To an extent, it's hard to judge what exactly a "down year" is by Vanderbilt's standards. After all, this is a team that had five winless or one-win SEC seasons during the eight-year tenure of Bobby Johnson, widely regarded as the program's best head coach in years or even decades. When that's the gold standard, you have to look beyond win-loss records to see how a season has gone.
And that's why the only year of the too-short (for bloggers) Robbie Caldwell Era fell woefully short of even the Commodores usual expectations. That's not to blame Caldwell, who took over a team rocked by the death of a recruit and Johnson's surprise summer resignation. But Vanderbilt went from a hiccup in the post-bowl year of 2009 to a collapse in 2010, as evidenced by the margin of defeat in its SEC games.
Not to put too fine a point on it, but Caldwell's year at the helm saw the worst average margin of defeat in Nashville and tied for the worst opponents' points per game since Johnson took over in 2002. Combined with the failure to revive the offense -- and remember, Caldwell's an offensive guy -- the fact that opponents could score almost at will left the Commodores without much of a chance.
Sure, Vanderbilt still had the few almost-upsets that seem designed to keep up fans hopes before the team remembers that it's Vanderbilt. South Carolina's 21-7 win in Nashville was particularly harrowing for a team that had lost two of its last three games against the Dores. And Vanderbilt did defeat Ole Miss in the third week of the season.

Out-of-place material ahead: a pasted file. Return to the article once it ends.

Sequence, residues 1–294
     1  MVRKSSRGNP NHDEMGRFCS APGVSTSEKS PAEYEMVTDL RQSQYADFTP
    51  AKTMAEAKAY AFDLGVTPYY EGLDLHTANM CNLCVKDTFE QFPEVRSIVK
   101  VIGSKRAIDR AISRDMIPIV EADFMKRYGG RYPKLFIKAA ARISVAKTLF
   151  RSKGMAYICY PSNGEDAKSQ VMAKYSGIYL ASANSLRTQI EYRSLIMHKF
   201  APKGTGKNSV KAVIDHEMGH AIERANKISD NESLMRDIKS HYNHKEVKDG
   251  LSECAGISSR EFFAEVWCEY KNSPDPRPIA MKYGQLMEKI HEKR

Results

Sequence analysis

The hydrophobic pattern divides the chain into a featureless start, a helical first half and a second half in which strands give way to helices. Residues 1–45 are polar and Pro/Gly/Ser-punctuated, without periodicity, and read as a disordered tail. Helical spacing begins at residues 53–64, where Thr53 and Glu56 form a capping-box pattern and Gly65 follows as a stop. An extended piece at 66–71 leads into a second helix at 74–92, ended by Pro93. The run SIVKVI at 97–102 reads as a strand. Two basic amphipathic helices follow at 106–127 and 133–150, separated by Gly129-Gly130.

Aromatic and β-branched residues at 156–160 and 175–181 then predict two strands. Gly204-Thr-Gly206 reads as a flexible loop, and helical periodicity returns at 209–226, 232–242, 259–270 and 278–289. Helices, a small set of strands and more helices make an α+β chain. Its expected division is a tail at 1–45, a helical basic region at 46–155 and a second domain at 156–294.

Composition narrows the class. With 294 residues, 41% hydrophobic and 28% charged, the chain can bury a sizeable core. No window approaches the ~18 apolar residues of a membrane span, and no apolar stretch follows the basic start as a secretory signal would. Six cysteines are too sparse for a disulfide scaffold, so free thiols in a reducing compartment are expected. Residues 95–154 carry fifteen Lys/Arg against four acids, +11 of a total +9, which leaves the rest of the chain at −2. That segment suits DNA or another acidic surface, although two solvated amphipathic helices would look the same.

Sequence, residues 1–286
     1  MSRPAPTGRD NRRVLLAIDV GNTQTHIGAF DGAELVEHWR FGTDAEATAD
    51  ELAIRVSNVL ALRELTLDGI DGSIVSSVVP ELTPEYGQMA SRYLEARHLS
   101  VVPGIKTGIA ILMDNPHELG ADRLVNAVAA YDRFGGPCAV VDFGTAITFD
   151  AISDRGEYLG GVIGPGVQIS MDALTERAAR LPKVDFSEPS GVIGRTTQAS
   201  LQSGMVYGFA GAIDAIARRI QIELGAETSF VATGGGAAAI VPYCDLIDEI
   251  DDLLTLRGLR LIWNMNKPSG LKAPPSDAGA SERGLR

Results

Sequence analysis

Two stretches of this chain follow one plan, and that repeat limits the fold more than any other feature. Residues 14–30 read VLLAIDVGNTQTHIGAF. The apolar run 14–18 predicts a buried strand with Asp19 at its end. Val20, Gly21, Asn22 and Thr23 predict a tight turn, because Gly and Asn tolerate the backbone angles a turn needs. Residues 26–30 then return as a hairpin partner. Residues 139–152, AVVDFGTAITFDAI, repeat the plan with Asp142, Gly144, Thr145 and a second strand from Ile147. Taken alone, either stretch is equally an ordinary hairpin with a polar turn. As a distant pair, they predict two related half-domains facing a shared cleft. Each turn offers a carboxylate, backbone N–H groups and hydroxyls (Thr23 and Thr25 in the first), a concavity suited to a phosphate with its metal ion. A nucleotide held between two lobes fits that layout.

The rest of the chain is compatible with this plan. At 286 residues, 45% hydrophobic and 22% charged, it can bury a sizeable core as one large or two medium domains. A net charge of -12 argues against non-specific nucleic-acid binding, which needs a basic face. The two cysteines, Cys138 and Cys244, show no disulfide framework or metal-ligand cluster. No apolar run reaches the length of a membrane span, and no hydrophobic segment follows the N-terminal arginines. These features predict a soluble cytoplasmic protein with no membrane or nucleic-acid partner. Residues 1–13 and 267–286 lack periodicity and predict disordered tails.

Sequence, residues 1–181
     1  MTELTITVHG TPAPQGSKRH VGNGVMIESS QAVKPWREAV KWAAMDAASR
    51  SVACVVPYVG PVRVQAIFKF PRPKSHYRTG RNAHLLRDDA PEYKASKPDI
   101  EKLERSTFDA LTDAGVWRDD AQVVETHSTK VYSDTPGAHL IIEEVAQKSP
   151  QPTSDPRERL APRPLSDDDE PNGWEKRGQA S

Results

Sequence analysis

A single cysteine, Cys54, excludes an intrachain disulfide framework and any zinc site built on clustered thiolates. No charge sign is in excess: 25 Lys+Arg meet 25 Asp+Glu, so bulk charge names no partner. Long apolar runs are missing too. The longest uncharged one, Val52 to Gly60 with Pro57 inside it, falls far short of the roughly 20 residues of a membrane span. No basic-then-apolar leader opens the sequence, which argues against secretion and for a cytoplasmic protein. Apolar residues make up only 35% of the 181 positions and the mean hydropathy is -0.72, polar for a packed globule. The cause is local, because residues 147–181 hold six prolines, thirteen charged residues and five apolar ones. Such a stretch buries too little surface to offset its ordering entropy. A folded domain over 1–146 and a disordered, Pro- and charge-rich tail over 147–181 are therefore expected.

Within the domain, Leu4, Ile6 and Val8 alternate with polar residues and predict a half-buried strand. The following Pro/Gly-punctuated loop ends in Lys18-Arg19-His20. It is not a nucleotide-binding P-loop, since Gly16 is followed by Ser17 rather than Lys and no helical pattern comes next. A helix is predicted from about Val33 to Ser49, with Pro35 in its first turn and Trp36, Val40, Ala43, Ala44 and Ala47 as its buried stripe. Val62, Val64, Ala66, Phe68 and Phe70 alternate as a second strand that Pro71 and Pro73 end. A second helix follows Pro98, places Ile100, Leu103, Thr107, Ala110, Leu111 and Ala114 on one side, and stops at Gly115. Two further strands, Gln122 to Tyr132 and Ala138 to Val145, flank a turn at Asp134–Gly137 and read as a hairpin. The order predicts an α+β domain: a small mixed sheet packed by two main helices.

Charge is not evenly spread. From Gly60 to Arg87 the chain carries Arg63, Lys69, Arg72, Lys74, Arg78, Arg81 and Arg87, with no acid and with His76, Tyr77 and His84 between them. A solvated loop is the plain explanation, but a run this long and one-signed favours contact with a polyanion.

But for the most part, Vanderbilt was back to being the sure win that could be penciled in for every league team that played them. It wasn't just that Vanderbilt was losing -- the team usually does that -- it's that the Commodores were losing badly, as badly as they had in several years.
The other thing the chart shows is just how large a challenge James Franklin is taking on this year. Not once in the last nine seasons, not even during the "breakout" 4-4 SEC season of 2008, has Vanderbilt outscored its conference opponents. (If you're wondering, Vanderbilt lost its average SEC contest by 3.8 points in 2008.) That might be daunting enough on its own, but Franklin is taking over at the low ebb of the Dores for nearly the last decade. (Nearly because even Caldwell managed to stay within 50 points of Florida, something that eluded Woody Widenhofer in his last season in Nashville.)
The positive spin on all this, of course, is that there's nowhere to go but up. But if you're wondering why Vanderbilt fans feel like 2010 was a lost season, there's your answer. Even by the generous curve on which the Commodores are graded, last year came up well short of expectations.